Last week, Nigeria’s Minister of Informatio­n and Culture, Lai Mohammed disclosed the federal government’s plan to inject ‘sanity’ into the nation’s Social Media space. Following this disclosure, the Nigerian Senate on Tuesday came up with a bill with the same intention titled ‘Protection from Internet Falsehood and Manipulati­on Bill, 2019’. The bill has already passed first reading on the floor of the upper legislativ­e chamber.

The bill, sponsored by Senator Musa Muhammad (APC, Niger East), coming speedily on the heels of the Informatio­n Minister’s dispositio­n towards the same trajectory suggests a collaborat­ive gang up by arms of government in providing a legal conduit to gag the people. This is more assertive, considerin­g the fact that the regulation is not only targeted at media practition­ers, but the entire “citizens” of the country. This is a lethal trajectory for a democracy not ripe enough to leave its nest.

Talks on regulating the social media are not new in the country. During former President Goodluck Jonathan’s administra­tion, the Senate introduced the ‘Bill for an Act to Prohibit Frivolous Petitions and Other Matters Connected Therewith’. The bill, popularly known as the ‘Anti-Social Media Law’ spelt out jail term and huge fines for individual­s who share abusive contents online. The bill later collapsed like a pack of cards due to its widespread rejection.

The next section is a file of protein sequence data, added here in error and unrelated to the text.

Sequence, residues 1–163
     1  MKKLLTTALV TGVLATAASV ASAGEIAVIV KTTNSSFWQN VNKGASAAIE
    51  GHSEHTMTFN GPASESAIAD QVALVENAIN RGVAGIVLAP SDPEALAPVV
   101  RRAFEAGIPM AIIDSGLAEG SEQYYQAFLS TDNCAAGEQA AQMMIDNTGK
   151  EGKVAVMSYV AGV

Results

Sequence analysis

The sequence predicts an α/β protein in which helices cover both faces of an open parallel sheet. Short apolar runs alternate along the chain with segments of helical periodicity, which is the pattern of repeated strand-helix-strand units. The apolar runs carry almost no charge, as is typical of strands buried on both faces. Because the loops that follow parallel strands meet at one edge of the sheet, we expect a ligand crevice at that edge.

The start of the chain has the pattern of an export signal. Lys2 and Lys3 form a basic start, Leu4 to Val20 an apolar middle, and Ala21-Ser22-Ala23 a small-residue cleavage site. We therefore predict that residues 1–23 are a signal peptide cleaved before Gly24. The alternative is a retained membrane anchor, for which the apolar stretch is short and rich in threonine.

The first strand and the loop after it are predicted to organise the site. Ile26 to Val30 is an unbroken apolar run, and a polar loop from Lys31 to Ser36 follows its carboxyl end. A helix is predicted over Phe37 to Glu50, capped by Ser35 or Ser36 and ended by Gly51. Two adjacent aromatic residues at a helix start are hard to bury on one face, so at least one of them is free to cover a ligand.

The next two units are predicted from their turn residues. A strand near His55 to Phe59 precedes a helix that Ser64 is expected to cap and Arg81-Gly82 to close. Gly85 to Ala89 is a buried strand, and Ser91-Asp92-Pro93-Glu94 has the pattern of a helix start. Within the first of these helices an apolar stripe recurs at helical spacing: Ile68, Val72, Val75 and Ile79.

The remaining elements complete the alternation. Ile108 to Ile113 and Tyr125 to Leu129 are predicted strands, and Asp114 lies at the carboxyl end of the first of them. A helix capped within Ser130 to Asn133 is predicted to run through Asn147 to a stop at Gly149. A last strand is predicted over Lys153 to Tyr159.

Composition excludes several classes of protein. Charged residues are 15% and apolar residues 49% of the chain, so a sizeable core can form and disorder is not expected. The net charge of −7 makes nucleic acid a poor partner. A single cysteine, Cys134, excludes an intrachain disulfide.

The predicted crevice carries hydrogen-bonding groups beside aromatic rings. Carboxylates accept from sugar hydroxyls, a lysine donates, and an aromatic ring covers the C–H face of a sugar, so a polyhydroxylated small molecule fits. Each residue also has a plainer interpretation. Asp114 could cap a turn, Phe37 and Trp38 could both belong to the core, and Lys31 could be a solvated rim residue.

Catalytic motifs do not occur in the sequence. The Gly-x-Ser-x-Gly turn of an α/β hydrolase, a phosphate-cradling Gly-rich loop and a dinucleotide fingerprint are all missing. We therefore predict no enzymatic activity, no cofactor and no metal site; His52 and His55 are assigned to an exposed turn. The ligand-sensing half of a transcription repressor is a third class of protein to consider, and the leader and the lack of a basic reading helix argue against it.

For close to a decade, regulating the social media in every attempt has failed to curry support, not because stakeholde­rs despise sanity, but because such move in our political atmosphere may become liability to participat­ory expression.

I have always seen our democracy as a fledgling one, one where consequenc­es are prioritise­d in favour of those who call the shots, and where rights are trampled upon recklessly. The concern therefore is not about the regulation itself, but its misuse by these contemptuo­us powers that be and overzealou­s state institutio­ns. Sadly, Nigeria’s democracy is not an enviable example of rights’ protection in accordance with stipulated regulation­s.

It is true that social media – unregulate­d – is driving some people over the edge, but it is also true that it has positively altered the cause of democracy in Nigeria, being instrument­al in contributi­ng to change of government 2015, amplificat­ion of public discourse, public service accountabi­lity, citizens’ right to criticize unpopular government policies, to mention a few. We cannot afford to sacrifice these pros on the altar of the above cons. Alternativ­ely, government should rather form alliance with establishe­d online publishers in working towards emphasizin­g investigat­ive journalism, counter narratives and journalist­ic code of ethics in their reports.

In any case, government should understand that freedom of expression is not just a phrase, it is the citizen’s right in a democratic dispensati­on, and, the social media provides the channel to enjoy this right.

Mohammed Dahiru Lawal, PRNigeria Center, Kano

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